HumbleHomeCook

Whiskey for my men. Beer for my horses.
KKF Supporting Member
Joined
Oct 24, 2020
Messages
4,356
Reaction score
8,562
Location
PNW USA
What is confusing you? I am trying to understand what objectively measurable characteristics of steel are important for making a great kitchen knife. And moreover, why some of the most loved steels seem to rate poorly on the most commonly used objectively measured characteristics.

People say things like "It can't hold as fine of an edge". But this should be quantifiable in some measurable property of the steel.


Yes, I understand all of that. On which of those three measures does super blue excel relative to SG2 or Magnacut? And if the answer is "none", why is super blue preferable over SG2 and Magnacut by so many?


Of course geometry matters a lot, but that is independent of knife steel. I can attempt to sharpen any steel into any geometry. If I cannot sharpen a given given steel into a given geometry, then there is a characteristic of that steel that is preventing me, and I'd like to know what that characteristic is and how it's measured.



Again, of course a lot of steels can make good kitchen knives. But if steel A is considered superior to steel B in some scenario (type of knife with a particular edge geometry for a particular cutting task) there should be SOME objective metric of that steel that can explain that steel's superiority in that scenario. If it's not toughness, hardness, or edge retention.. what is it?

You've already identified some metrics to answer some of those questions but that wasn't your original question. What you originally asked was why are certain steels not vastly superior to other steels. There's a ton of variables and personal preferences in that equation.

You have a lot of information available and understand what you like so you should have no issue finding the the steel that is vastly superior for you.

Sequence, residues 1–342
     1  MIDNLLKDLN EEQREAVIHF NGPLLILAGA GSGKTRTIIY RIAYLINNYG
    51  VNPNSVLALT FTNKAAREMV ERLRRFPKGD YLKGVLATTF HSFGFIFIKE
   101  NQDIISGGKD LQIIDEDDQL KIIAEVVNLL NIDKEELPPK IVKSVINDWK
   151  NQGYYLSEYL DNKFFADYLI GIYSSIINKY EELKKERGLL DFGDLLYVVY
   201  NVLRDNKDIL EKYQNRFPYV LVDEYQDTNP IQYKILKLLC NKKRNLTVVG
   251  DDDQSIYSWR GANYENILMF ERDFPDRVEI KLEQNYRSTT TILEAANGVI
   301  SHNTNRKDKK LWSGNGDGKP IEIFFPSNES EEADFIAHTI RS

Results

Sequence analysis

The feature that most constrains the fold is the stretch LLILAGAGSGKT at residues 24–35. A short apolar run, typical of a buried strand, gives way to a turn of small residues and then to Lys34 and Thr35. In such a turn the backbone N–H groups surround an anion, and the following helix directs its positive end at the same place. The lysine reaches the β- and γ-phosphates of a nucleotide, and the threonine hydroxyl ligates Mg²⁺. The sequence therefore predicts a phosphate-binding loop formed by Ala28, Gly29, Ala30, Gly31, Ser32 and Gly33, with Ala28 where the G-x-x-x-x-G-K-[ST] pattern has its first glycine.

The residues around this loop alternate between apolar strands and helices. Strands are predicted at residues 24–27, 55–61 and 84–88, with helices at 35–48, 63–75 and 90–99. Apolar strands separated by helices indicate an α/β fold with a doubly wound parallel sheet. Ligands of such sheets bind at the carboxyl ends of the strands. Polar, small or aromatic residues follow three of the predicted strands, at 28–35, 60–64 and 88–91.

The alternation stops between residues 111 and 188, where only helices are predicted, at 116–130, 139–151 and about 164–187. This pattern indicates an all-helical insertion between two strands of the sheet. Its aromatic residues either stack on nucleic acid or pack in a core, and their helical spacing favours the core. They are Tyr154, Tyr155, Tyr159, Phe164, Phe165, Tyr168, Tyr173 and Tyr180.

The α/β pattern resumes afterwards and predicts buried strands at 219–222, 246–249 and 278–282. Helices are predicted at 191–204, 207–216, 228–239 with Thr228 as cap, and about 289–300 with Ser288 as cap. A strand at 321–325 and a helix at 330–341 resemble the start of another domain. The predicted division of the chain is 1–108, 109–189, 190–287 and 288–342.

Joined
Aug 12, 2016
Messages
3,278
Reaction score
5,223
Location
USA
What is confusing you? I am trying to understand what objectively measurable characteristics of steel are important for making a great kitchen knife. And moreover, why some of the most loved steels seem to rate poorly on the most commonly used objectively measured characteristics.

People say things like "It can't hold as fine of an edge". But this should be quantifiable in some measurable property of the steel.


Yes, I understand all of that. On which of those three measures does super blue excel relative to SG2 or Magnacut? And if the answer is "none", why is super blue preferable over SG2 and Magnacut by so many?


Of course geometry matters a lot, but that is independent of knife steel. I can sharpen any steel into any geometry.



Again, of course a lot of steels can make good kitchen knives. But if steel A is considered superior to steel B in some scenario (type of knife with a particular edge geometry for a particular cutting task) there should be SOME objective metric of that steel that can explain that steel's superiority in that scenario. If it's not toughness, hardness, or edge retention.. what is it?
For one you are comparing what people say to measurable, repeatable tests and seem to equate them. Someone saying steel A can't hold a fine edge is meaningless on its own where as well conducted tests like CATRA have real value. You can't determine quality of a steel and its suitability for a kitchen knife by someone's experience with a certain knife.

We can take your example of super blue being superior to SG2. In general it is not superior, but it is sometimes run harder and if you want a fine edge and if in your use deformation is the way your edges fail then it might be superior for that use. If you use conventional stones or natural stones then in that case blue super might be superior as well. In general though it is not.
 
Joined
Oct 29, 2021
Messages
253
Reaction score
520
Location
San Francisco
If it's not toughness, hardness, or edge retention.. what is it?
There is a lot that has been said that I would agree with. Here are a couple more thoughts.

Sharpenability is the final prong you are missing. Any steel with more than a few percent MC type (V, W, NB or Ti) carbide needs diamond or CBN stones in order to sharpen properly.

I personally don't put much stock in the "Maximum achievable sharpness" stuff because I think it is often highly geometry based (although maybe it plays a role in some very high carbide volume stuff)

I agree that there should be some objective metrics to define steel superiority in certain scenarios. I think the three you need to add to the list are carbide hardness, volume, and size. To some extent you are right if you have diamond stones I really see no reason why Magnacut would not be superior steel to something like Shiro 1 as it is better in every single other category.